BeginnercreatorDatasetHigher EducationTime Series Analysis

Getting Started with Time Series Analysis in Tableau

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Posted By Dan Bradley

This post was developed to accompany a Tableau User Group presentation for Michigan State University on July 7, 2022.

Working with date and time data is one of Tableau’s great strengths. When authoring a viz, you can quickly modify how you would like to treat a particular date/time field and rapidly change the type of analysis possible. Through drag-and-drop actions, you can also implement predictive forecasting to peer into the future. However, the flexibility of time series analysis options in Tableau can sometimes be overwhelming, particularly for a new Tableau developer. This post provides an introduction to working with date/time fields in Tableau and how to get started using Tableau’s drag-and-drop forecasting functionality to predict future values.

Images included in this post are drawn from this workbook, which can be downloaded and used to follow along.

Dataset Overview

For this post I’ll be working with a subset of data from Dartmouth University’s StudentLife Study. The Dining Hall data contained in 31 text files was unioned together using Tableau Prep Builder.

The resulting file (downloadable here) contains transactional records with a date and timestamp (down to the second) for dining hall visits at one of six dining halls on Dartmouth University’s campus during the spring semester of 2013. In total, the data contains 7,482 transactions across 30 students.

While the dataset is narrow — containing only 4 fields — the inclusion of a date/time field greatly extends the questions that can be asked of the data, as I’ll explore in the post.

Changing Date Levels

Because of Tableau’s flexibility when working with date/time fields, it is easy to get turned around without an orientation to the basic terminology. Therefore, it is important to know a few key terms before diving in.

First, the process of modifying how a date/time field is treated in a view is considered changing its level (see link for more details).

Tableau has three categories of level changes for date/time fields: maximum temporal grain, truncated date/time values, and date/time parts. You can see the way in which these levels are categorized when you expand the details of a date/time field on a view.

Exact Dates: Maximum Temporal Granularity or Smallest Grain of Date/Time Data

With basic nomenclature out of the way, next I’ll detail the three levels using an analysis scenario to provide more clarity about the differences between them.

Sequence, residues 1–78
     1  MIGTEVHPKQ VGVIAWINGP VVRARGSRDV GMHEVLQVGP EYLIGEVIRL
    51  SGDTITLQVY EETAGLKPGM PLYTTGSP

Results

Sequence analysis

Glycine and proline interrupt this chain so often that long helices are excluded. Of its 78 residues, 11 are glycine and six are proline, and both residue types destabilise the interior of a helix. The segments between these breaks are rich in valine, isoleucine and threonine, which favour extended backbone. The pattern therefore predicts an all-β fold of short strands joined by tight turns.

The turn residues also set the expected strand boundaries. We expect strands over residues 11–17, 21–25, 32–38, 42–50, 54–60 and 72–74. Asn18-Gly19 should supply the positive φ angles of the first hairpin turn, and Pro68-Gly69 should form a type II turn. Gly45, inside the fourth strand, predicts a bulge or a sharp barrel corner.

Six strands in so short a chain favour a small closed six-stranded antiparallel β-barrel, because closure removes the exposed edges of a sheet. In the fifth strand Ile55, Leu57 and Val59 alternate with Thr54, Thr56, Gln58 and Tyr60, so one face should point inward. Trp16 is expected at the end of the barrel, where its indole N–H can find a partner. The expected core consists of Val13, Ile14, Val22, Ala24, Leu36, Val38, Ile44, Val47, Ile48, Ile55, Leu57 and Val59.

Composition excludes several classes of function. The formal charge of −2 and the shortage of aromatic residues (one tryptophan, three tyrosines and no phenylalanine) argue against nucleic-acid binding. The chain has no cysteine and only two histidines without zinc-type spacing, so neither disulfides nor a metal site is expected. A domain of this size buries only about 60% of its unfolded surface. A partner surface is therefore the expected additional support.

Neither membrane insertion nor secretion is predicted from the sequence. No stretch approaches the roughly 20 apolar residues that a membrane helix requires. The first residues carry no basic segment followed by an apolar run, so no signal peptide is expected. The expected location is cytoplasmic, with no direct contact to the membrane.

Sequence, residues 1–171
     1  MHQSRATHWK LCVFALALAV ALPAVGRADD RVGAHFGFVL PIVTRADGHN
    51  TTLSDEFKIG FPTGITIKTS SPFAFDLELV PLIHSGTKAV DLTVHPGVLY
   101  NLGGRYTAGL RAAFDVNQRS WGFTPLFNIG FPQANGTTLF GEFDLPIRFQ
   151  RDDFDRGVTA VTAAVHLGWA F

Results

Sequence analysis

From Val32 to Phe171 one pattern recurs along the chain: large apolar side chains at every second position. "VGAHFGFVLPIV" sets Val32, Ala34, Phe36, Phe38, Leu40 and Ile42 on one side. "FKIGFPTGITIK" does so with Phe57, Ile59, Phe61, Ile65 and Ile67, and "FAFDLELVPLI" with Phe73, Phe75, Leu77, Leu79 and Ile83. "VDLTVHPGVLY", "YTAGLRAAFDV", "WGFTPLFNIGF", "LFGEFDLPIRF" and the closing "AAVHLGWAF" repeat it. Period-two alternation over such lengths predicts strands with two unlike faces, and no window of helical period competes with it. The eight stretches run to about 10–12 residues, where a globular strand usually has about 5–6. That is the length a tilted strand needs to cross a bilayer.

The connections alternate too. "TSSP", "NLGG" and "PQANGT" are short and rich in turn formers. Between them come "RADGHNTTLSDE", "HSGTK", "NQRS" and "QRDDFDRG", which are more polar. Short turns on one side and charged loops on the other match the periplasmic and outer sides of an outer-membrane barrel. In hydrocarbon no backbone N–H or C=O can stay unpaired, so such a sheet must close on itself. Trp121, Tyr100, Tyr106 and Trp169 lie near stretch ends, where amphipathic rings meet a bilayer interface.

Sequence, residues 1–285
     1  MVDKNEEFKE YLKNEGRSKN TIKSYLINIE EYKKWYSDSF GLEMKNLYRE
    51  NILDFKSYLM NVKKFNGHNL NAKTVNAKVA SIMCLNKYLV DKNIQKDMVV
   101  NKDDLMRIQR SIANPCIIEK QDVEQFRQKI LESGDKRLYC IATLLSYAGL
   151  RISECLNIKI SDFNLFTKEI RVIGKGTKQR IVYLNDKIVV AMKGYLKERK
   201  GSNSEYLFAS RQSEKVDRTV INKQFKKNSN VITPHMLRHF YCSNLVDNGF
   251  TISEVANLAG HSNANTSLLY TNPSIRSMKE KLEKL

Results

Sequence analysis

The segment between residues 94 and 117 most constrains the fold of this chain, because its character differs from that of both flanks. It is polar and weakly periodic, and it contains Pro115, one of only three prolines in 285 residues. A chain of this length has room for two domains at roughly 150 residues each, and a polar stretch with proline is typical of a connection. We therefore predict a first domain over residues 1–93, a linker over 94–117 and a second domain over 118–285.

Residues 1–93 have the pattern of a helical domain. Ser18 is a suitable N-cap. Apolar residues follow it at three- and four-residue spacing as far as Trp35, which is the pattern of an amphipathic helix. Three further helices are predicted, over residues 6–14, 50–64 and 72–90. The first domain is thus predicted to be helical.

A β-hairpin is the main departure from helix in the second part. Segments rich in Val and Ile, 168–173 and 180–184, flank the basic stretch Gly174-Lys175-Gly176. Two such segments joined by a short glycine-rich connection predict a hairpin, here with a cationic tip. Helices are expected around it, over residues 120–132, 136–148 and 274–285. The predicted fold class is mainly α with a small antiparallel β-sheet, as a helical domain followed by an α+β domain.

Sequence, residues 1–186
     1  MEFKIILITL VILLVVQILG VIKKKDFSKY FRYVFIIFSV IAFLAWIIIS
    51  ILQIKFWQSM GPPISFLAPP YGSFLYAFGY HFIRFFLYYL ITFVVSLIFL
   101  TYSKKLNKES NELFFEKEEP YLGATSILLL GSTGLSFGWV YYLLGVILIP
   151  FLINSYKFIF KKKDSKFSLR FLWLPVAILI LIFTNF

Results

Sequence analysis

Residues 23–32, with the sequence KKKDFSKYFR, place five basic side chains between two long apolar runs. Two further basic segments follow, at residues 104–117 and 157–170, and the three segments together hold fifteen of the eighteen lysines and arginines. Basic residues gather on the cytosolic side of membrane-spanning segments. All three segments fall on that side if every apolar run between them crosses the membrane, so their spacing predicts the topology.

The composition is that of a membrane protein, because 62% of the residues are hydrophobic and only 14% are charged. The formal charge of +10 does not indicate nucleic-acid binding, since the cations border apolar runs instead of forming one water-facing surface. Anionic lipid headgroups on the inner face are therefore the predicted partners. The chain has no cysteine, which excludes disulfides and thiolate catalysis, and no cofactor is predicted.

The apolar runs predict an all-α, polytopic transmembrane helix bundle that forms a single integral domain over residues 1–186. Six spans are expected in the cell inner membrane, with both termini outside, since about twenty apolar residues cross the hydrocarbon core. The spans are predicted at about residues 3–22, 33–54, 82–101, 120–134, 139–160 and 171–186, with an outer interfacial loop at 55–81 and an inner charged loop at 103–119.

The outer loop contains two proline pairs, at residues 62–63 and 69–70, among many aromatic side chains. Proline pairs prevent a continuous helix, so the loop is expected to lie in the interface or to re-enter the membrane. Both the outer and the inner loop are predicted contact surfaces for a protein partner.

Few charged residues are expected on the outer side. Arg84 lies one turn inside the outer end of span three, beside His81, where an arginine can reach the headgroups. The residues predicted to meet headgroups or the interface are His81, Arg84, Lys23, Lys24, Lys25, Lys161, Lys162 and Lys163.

Let’s say I’m interested in answering the question, “When did students visit dining halls most often during the 2013 semester”? At the deepest level of detail, or maximum temporal grain (the area bordered in green in the previous figure), I view a timeline — moving from left to right — of exactly when student visits to dining halls occurred at a particular point in time:

The resulting bar chart isn’t very impressive. At first glance, it even appears that something may be wrong with the data: there are only 3 points in time where two students visited a dining hall at the same time? How can this be?

But this view is accurate. Our data’s grain goes down to the individual second in time. This means that out of the 7,400+ transactions in our dataset there were exactly 3 times when two students had dining hall visits recorded in the same second. In the remainder, only 1 transaction occurred at a specific second in time, if at all.

When a date/time field’s level is set to “Exact Date” we view the smallest grain of the dataset: exactly when a student visited a dining hall by second. However, is this really what we’re after in our original question? Maybe not.

This example illustrates the challenge language has when it comes to time series analysis questions. We tend to speak in generalities that may have inferred, contextual meaning, i.e., “when” is a very squishy term by itself. Analytics tools require us to be more specific and discerning when focusing on “when”.

Truncated Date Values: Working with Segmented Spans of Time

Often, we aren’t interested in viewing the deepest grain of the data; it is too fine to derive must meaning. The same is true for time series analysis.

Instead, we frequently are interested in aggregating or truncating time series data to a higher level of temporal granularity more meaningful to our intended concept of “when”. But, we have to instruct Tableau on exactly what chunk of time we are interested in seeing by defining its level.

For example, it might be more informative to add up the total transactions that occurred by day for each day in the semester. By changing the field’s level from exact date to truncated value by day (yellow bordered area in the figure above), we see something more along the lines of what might be inferred in the initial question.

In this case, truncating at the day level lets us identify longer-term trends over the semester (trending upwards with a spring break pause) and shorter term weekly cycles (higher weekday than weekend totals).